Bombardier, he explains, understood the Class 357s because it built them, whereas the East Ham staff had not been exposed to the new equipment on them. They were, however, well- trained in what was required to provide the maximum service possible using the old fleet. “They have a really good engineering experience at East Ham, and once you bring things together it will succeed,” says Smith. “I cannot emphasise the team effort. We needed a culture change and we needed to realise the passenger comes first. Everyone at East Ham is now focused on that.”
One of Smith’s personal crusades was to improve the standard of cleanliness on trains. Previously a contractor undertook the internal cleaning, hut this was unsatisfactory. “The first perception a passenger will get of c2c is when they get on the train,” says Smith. “It is very important that the ticket is sold correctly and the train is clean. We had issues with trains in the morning, so we brought the work in- house and put efforts into improving the standards. “We have zero tolerance on graffiti, for instance, while there is 98% availability of the toilets now, which is vital with the ‘357s’ as they only have one per train. We try to make Traincare very high-profile.”
c2c’s own customer satisfaction survey recorded 90% for cleanliness, a result that pleases Smith. “We are a commuter railway and commuters are hard to please, but then they have a right to expect a clean train. But we have a lot of good feedback and we are very big on customer satisfaction.”
Smith believes passionately in developing people. “If when I retire, I have improved people’s careers, then my working life will be worthwhile,” he says. One scheme he has introduced is that many Traincare staff now undertake other tasks, including minor electrical work on the ‘357s’ and label replacements.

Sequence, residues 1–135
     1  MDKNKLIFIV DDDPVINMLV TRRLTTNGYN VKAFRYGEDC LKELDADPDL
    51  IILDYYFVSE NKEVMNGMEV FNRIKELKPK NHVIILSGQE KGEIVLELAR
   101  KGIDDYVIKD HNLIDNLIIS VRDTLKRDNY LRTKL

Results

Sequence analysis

A ‘357’ is taken out of traffic every week for a thorough clean, and the Traincare staff carry out other tasks while this work is completed. “It gives them ownership of the trains,” says Smith. “I would like to do apprentice schemes, but Bombardier is the main supplier and its engineers work with us. We do, however, sponsor a member of our staff undertaking an MSc and we feel it is important to develop new talent.” The Class 357 fleet requirements are demanding, with 71 out of 74 sets needed each weekday. At the moment there are two sets out of traffic for overhauls, leaving one spare set. One overhaul is carried out at the weekend, and the ‘357’ is removed from service at Friday lunchtime, returning to traffic on Monday lunchtime. Bombardier is contractually obliged to deliver 71 trains and Smith says the firm has always bought into c2c’s belief The current Moving Annual Average (MAA) for the trains is 57,196 miles per casualty - a phenomenal achievement considering the requirements. Other modifications include fitting wireless internet access to 357014, and this is about to be extended using software supplied by Nomad. The full ‘357’ fleet is also fitted with regenerative braking, introduced on March 32007. Work for this started in November 2006 and involved sending 357028 to the Czech Republic for tests that involved rewriting the software. “We could not have done that work in the UK,” says Smith. c2c was the first fleet to retrofit the system to its trains, and is reaping the rewards. “This will benefit Essex for 30 years,” says Smith. “The carbon footprint per train will drop from 52g per passenger kilometre to 41.5g and that is based on loadings of 29%. If we could fill every train, you would get it down to 13.49g.” So with an award and several successful projects to his name, how does Smith sum up his job? “I am privileged to do this. It is like dreaming of playing football for Manchester United or Real Madrid, doing so and scoring the winning goal in the European Cup Final. I love this industry and I work with my hobby. It is just so totally different each day.”